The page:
m.Facebook,
                m.FirstName,
                m.Flagged,
                m.GooglePlus,
                m.LastName,
                m.LinkedIn,
                m.OfficeNotes,
                m.Prefix,
                m.PreviousStatus,
                m.RecycleDate,
                m.Suffix,
                m.Title,
                m.Tracking,
                m.Twitter,
                m.Website,
                m.CustomField1,
                m.CustomField2,
                m.CustomField3,
                m.CustomField4,
                m.CustomField5,
                m.CustomField6,
                m.CustomField7,
                m.CustomField8,
                m.CustomField9,
                m.CustomField10,
                m.CustomField11,
                m.CustomField12,
                m.CustomField13,
                m.CustomField14,
                m.CustomField15,
                Activity = m.Activity
                    .Select(a => new
                    {
                        a.Id,
                        a.Description,
                        a.UserId,
                        a.ContactActivityType,
                        a.CreatedByName,
                        a.CreatedBy,
                        a.DateCreated,
                        a.Timeline.Color,
                        a.Timeline.Icon
                    }).OrderByDescending(t => t.DateCreated.Date).ThenByDescending(t => t.DateCreated.TimeOfDay).ToList(),
                BookContacts = m.BookContacts
                    .Select(b => new
                    {
                        b.BookId,
                        b.Book,
                        b.ContactId
                    }).ToList(),
                Locations = m.Locations
                    .Select(l => new
                    {
                        l.Id,
                        l.ContactId,
                        l.AddressLine1,
                        l.AddressLine2,
                        l.City,
                        l.Country,
                        l.Fax,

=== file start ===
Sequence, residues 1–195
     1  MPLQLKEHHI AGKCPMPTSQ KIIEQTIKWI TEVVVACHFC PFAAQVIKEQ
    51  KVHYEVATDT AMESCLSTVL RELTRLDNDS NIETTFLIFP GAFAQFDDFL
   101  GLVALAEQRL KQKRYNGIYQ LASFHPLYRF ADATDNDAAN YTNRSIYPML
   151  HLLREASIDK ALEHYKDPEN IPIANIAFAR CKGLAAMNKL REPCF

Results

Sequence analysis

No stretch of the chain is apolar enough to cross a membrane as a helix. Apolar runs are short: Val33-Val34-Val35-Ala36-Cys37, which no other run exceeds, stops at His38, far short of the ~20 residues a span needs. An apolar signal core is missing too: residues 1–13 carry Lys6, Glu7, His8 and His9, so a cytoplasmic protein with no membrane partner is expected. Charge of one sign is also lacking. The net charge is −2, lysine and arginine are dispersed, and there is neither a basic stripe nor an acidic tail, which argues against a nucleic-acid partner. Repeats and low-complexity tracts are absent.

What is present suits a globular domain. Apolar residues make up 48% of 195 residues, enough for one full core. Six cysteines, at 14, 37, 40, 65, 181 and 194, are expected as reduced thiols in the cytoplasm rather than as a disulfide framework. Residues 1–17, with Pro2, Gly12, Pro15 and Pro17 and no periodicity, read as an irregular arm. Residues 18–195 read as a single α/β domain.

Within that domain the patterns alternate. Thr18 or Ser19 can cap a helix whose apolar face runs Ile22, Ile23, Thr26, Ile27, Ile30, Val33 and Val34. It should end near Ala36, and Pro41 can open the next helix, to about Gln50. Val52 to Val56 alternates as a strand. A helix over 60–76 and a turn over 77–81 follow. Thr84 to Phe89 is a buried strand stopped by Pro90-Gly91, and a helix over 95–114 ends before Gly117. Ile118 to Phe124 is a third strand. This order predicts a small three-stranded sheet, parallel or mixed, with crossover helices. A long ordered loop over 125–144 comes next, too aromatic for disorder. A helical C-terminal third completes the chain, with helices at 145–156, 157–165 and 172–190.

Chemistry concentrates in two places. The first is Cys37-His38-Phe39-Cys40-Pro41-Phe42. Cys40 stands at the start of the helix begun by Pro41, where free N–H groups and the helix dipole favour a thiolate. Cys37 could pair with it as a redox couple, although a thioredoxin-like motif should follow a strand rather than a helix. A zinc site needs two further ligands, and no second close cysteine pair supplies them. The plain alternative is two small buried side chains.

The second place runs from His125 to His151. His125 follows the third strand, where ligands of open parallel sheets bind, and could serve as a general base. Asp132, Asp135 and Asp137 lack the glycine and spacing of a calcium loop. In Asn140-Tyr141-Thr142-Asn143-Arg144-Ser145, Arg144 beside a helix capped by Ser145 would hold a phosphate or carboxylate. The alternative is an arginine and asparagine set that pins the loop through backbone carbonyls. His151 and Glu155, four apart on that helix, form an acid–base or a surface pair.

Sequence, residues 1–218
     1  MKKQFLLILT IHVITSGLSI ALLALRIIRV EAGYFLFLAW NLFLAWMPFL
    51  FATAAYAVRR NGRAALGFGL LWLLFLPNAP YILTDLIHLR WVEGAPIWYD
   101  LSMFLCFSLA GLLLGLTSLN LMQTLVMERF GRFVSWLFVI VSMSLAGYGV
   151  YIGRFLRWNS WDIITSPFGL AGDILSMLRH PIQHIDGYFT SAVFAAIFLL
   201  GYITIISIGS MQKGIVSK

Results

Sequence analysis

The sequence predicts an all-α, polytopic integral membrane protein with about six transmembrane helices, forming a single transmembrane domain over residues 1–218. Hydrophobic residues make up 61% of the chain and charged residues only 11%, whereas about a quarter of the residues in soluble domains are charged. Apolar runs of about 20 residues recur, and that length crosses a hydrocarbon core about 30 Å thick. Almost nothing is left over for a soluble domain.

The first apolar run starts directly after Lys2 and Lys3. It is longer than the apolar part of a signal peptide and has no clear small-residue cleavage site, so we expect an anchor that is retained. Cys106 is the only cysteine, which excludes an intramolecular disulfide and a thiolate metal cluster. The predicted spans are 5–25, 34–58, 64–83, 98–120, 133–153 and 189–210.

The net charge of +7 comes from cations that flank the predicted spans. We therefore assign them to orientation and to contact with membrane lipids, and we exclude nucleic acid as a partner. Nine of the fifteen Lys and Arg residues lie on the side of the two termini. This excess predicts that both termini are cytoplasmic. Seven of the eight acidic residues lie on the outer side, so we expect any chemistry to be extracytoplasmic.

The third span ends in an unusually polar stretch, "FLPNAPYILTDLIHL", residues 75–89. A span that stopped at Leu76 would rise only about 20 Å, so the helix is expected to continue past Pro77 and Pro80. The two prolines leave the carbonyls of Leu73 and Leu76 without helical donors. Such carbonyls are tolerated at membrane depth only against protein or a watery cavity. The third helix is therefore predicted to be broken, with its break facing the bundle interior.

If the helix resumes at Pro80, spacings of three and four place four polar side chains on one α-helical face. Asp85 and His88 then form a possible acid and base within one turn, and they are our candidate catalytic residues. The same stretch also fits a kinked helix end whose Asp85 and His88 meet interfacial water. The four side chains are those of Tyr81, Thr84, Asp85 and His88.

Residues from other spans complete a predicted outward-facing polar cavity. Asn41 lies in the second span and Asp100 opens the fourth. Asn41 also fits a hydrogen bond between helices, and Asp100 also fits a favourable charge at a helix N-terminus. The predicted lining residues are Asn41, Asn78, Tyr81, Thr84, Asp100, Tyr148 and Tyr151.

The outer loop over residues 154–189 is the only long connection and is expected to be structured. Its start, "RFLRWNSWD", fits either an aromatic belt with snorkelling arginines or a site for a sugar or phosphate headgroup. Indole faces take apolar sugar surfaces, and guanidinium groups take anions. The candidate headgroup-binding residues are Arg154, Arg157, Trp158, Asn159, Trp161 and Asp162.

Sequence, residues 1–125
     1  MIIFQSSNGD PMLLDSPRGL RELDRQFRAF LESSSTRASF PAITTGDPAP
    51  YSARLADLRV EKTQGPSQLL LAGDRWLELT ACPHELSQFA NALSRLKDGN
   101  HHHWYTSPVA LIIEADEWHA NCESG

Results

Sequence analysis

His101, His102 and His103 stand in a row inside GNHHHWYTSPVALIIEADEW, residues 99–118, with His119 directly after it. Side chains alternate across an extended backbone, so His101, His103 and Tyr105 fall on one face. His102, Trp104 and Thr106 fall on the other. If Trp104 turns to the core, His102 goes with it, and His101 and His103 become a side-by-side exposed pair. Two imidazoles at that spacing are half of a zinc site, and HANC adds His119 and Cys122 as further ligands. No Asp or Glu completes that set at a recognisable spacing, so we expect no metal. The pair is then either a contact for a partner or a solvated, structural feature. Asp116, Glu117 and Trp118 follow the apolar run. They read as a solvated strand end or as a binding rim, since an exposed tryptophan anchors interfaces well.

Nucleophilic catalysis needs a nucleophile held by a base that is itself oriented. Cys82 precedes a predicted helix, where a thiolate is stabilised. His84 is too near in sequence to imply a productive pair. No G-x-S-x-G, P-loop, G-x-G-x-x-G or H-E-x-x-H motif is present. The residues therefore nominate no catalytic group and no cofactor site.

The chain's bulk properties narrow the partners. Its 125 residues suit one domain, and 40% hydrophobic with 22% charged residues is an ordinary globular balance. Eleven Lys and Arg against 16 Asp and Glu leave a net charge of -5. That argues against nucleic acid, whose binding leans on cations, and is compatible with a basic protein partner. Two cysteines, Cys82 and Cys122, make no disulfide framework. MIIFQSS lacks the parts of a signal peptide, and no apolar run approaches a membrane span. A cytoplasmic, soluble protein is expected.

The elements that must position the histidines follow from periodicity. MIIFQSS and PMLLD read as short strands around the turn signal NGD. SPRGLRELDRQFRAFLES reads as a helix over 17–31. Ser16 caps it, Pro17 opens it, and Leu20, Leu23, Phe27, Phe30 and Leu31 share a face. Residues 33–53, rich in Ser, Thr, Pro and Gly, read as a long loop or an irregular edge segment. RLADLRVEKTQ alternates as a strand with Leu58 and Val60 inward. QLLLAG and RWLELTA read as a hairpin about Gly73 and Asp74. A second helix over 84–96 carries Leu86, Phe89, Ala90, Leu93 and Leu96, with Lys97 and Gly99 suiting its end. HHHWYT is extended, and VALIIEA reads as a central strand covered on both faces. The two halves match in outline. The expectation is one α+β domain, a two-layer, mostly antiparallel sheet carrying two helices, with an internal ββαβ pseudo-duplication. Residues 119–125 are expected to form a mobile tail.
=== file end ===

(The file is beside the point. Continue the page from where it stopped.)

l.IsPrimary,
                        l.MobilePhone,
                        l.Name,
                        l.OfficeHours,
                        l.PostalCode,
                        l.PrimaryPhone,
                        l.SecondaryPhone,
                        l.State,
                        l.CustomField1,
                        l.CustomField2,
                        l.CustomField3,
                        l.CustomField4,
                        l.CustomField5,
                        l.CustomField6,
                        l.CustomField7,
                        l.CustomField8,
                        l.CustomField9,
                        l.CustomField10,
                        l.PrimaryPhoneExtension,
                        l.SecondaryPhoneExtension
                    }).ToList(),
                m.ContactStatus,
                m.Territory,
                CampaignContacts = m.CampaignContacts
                    .Select(cc => new
                    {
                        cc.CampaignId,
                        cc.ContactId,
                        cc.Campaign
                    }).ToList(),
                HasFollowUp = tenant.PatientModeEnabled ? m.Patients.Any(f => f.FollowUp.Value.Date <= ☼DateTimeß.Now.Date) : false, HasOverdue = m.SalesTasks.Any(s => s.DateScheduled.Date < ☼DateTimeß.Now.Date && !s.IsCompleted), HasDueToday = m.SalesTasks.Any(s => s.DateScheduled.Date == ☼DateTimeß.Now.Date && !s.IsCompleted),